• Greater time needed for eyesight recovery
management29
Management
  • Refractive surgery
    • Laser in-situ keratomileusis (LASIK)
      • Technique
        • A microkeratome is used to cut a flap of superficial corneal tissue
        • The flap is lifted back, exposing the underlying corneal stroma
        • The excimer laser is used to perform tissue removal in the corneal stroma
        • The flap is repositioned in its original position and adheres to the underlying corneal stroma without the need for sutures
management30
Management
  • Refractive surgery
    • Laser in-situ keratomileusis (LASIK)
      • Post-surgical complications
        • Severe dry eye syndrome
        • Poor night vision
        • Reduced contrast sensitivity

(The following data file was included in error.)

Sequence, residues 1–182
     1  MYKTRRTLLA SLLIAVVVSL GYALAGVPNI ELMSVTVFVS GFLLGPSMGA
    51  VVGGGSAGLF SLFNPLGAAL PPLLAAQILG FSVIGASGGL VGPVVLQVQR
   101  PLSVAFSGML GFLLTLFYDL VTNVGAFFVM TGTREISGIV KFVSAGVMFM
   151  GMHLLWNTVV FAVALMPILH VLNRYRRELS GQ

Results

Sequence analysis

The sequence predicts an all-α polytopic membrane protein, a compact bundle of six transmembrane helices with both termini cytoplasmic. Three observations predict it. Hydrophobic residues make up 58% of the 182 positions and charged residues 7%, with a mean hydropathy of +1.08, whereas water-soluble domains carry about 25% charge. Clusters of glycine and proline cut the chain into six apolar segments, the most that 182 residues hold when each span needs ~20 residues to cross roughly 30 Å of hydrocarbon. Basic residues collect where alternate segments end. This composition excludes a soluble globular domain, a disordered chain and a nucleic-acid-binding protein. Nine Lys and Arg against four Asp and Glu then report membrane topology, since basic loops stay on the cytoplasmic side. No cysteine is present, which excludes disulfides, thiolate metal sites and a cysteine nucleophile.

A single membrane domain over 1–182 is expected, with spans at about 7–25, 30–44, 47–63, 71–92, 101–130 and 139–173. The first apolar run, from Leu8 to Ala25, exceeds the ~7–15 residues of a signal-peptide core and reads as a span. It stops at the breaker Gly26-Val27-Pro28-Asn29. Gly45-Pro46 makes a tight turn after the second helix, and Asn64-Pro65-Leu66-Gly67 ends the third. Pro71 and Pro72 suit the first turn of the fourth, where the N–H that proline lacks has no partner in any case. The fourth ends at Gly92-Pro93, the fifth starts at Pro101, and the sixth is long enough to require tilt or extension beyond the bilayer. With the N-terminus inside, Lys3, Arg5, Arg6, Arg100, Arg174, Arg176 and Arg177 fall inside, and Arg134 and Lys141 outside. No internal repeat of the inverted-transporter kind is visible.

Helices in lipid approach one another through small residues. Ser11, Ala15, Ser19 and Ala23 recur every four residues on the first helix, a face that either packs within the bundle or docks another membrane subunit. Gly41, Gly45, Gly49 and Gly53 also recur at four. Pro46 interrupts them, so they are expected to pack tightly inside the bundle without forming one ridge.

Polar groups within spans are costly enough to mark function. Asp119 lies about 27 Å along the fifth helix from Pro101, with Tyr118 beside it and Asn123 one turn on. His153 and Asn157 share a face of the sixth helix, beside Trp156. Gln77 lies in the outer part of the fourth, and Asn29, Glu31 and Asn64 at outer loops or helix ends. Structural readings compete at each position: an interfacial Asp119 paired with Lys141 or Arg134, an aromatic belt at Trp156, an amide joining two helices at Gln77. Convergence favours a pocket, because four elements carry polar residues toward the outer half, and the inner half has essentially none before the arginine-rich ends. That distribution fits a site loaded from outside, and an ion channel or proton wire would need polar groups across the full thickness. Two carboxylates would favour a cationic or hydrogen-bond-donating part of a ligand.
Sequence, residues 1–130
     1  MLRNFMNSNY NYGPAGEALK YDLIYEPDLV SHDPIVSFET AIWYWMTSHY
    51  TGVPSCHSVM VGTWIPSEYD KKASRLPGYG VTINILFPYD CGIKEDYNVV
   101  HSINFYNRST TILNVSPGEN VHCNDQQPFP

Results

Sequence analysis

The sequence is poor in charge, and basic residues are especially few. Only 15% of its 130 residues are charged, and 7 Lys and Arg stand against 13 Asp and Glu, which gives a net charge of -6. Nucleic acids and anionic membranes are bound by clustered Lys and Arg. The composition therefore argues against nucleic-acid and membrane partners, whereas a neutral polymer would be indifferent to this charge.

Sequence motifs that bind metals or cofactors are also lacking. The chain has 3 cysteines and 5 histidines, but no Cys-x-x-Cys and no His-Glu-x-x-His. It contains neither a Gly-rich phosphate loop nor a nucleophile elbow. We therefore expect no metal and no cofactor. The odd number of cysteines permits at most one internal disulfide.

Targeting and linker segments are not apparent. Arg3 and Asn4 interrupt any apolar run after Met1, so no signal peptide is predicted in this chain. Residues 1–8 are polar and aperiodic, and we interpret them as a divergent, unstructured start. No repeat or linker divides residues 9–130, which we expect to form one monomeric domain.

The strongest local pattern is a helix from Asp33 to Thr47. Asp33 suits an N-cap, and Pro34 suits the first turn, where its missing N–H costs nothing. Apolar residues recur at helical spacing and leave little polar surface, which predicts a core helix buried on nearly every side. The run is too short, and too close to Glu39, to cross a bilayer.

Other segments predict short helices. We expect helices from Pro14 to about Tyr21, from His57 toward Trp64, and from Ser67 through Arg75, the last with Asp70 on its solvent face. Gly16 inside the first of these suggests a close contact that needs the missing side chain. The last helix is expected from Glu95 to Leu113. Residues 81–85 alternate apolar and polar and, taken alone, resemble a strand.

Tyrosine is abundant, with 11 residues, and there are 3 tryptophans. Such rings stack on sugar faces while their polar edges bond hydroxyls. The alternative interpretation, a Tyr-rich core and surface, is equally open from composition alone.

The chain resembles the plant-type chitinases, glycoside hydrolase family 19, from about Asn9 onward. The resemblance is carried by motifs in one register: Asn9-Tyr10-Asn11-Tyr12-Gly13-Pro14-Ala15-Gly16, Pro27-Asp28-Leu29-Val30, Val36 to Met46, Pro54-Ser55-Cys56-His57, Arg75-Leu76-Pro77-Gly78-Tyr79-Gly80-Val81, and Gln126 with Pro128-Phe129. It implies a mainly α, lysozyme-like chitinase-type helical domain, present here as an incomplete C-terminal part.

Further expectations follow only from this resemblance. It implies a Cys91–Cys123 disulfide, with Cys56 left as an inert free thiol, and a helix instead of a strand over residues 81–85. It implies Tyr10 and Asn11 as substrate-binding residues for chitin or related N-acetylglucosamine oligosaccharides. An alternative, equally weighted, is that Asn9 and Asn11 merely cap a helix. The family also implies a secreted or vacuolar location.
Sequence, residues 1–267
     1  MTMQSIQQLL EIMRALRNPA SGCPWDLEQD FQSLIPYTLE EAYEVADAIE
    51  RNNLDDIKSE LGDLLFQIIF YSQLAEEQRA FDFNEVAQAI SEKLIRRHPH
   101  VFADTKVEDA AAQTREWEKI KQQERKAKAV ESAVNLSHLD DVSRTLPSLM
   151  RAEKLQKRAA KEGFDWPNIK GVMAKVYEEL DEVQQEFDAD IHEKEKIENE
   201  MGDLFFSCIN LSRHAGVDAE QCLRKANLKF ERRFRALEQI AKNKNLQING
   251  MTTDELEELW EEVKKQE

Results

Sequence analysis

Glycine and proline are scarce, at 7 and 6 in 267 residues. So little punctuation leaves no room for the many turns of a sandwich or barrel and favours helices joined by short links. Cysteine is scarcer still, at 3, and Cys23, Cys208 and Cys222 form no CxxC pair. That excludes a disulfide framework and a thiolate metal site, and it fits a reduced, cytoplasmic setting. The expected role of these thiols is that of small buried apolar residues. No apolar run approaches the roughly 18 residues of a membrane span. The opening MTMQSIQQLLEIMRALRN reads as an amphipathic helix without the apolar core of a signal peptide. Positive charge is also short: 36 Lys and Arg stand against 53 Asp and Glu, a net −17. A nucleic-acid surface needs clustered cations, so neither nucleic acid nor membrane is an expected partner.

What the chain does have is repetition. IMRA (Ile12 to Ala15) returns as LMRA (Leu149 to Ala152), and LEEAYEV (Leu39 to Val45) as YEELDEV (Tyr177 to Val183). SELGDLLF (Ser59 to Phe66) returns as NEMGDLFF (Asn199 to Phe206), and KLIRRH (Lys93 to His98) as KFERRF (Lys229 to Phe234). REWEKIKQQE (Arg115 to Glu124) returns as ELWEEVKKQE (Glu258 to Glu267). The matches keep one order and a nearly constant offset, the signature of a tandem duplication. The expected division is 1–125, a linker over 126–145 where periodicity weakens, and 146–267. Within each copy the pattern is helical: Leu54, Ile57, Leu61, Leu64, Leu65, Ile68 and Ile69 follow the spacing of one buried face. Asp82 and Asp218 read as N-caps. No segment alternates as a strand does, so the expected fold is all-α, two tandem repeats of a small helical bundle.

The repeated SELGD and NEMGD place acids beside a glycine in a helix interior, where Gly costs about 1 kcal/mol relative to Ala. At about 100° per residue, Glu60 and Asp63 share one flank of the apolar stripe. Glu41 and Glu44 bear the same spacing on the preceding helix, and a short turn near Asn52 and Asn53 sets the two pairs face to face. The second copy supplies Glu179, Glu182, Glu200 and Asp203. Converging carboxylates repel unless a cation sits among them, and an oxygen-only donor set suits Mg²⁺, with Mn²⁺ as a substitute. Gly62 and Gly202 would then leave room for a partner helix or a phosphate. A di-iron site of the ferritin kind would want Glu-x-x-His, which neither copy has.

• Astigmatism
management31
Management
  • Refractive surgery
    • Points to consider after the surgical procedure
      • Use eyedrops, as prescribed by the ophthalmologist
      • Be careful not to allow chlorinated water , shampoo, and sweat to come into contact with the eyes
      • Wear sunglasses when outside to protect the eyes from sunlight
      • Remember to go back to the hospital for regular follow up visits with the ophthalmologist and to get eyedrops
pathological conditions associated with myopia
Pathological Conditions Associated with Myopia
  • Cataract
    • Nuclear cataract causes a myopic shift
pathological conditions associated with myopia33
Pathological Conditions Associated with Myopia
  • Diabetes
    • High blood glucose levels cause increased sorbital levels in the lens
    • Water rushes in and dilutes the sorbital in the lens
    • Lens bulges and results in a myopic shift
pathological conditions associated with myopia34
Pathological Conditions Associated with Myopia
  • Marfan’s syndrome
    • Suspensory ligaments break
    • Subluxation of lens occurs superiorly and temporally and results in a very high increase in myopia